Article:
Being listened to and especially being accepted and understood is so vital to people. I have noticed this particularly in the grief group I host. Whenever a new person attends the one common feature for everyone is this sense of loneliness that they express after the loved one has gone, how they feel unheard by others, like their words are not being accepted or that others have tired of hearing them. The beauty of the group is that each can come and speak freely and are truly accepted. I have witnessed some moments of deep connection within the group. I have truly seen love incarnated in the air and words that we share together, it is a truly beautiful blessing.

There is something truly beautiful in speaking words, heart to heart. The language of the heart is not really about correct use of language but a way of being with each other, it is an intention, it is about invitation, it is about allowing others to be who they are in your space, this is true openness by the way. Openness is not about telling another all about yourself, instead it is about inviting another to be themselves in your space.

Words connect us in some very special ways, they can be incredibly powerful. They can begin to bring deep healing or can be deeply destructive. What matters is the intention behind them. What seems to matter is the condition of our heart and soul as we speak what we must speak.

I recently heard the following little tale…Like the tales about Nasruddin it spoke to me…

There’s a story about a Unitarian minister’s new car breaking down just after the Sunday service. Come Monday morning, the minister managed to drive the vehicle to the town’s one garage for repairs. “I hope you’ll go easy on the cost,” he told the mechanic. “After all, I’m just a poor preacher.”

“I know,” said the mechanic. “I heard you preach yesterday.”

Now I hope this isn’t true about the worship I create. I know I perhaps don’t speak perfectly. In fact I’m sure sometimes the language I use takes some getting used to but I do hope that what I share touches those who engage in it and not only speaks to the mind. If I fail to touch the heart and soul, occasionally at least, then I know I am a poor preacher.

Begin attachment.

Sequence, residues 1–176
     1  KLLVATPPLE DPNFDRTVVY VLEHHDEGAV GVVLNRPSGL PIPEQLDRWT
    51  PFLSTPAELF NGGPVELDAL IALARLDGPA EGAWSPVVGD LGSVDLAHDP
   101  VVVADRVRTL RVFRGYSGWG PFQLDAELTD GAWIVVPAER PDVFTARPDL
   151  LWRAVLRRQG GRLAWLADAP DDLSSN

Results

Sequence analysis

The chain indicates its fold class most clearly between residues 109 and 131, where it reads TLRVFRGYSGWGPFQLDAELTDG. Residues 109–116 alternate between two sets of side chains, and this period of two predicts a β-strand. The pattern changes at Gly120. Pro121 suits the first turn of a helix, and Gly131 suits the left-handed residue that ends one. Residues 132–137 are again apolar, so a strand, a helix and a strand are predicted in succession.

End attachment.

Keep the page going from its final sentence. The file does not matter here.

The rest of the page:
It matters what we say and it matters how we say it, in the spirit that it is delivered. When we speak is it about creation or destruction, separation or connection, is it about authority above or is it about inclusion. It matters you know it really does.

Words are powerful they can be either destructive or creative. Perhaps an example of their creative power comes at the beginning of John’s Gospel and the following lines:

'In the beginning was the Word, and the Word was with God and the Word was God.
The same was in the beginning with God.
All things were made by him; and without him was not anything made that was made.'

According to John the "Word" can literally create life, in fact all life. Now of course in the original Greek, which these opening words were written in, the word for “Word” was originally “Logos” which roughly translated actually does mean merely “word,” but also “speech,” “principle,” “meaning” or “thought.” In Greek philosophy, it is also referred to as universal, divine reason or the mind of God. So it could mean God speaking life into being, linking it to the first verses from Genesis when God is said to have breathed life into being, remembering always that he saw this creation as “Good”. So “word” here means, in my view, that life is the meaning coming into being and Jesus is the example of this in human form. Not the one and only example, but one we can all aspire to. For we can all incarnate Love, we can all be a part of the Divine creation. It begins in our words and how we say these words for they are an expression of our meaning.

When we speak we are not merely flapping our lips, vibrating air, we are engaged in Divine activity, we are creating or destroying life.

I believe what we say and how we say it really matters, as everything really matters. Others beg to differ. They say that nothing really matters, especially what we say. This is exemplified in the following rhyme, familiar to us all.

'Sticks and stones may break my bones but names (words) will never hurt me.'

Now if this is true then words don’t really have power, that they can’t really hurt us. What do you think? Do words have power? I believe that they do, in fact I believe that they can be so powerful that they can either create or destroy life. The rhyme though suggests otherwise.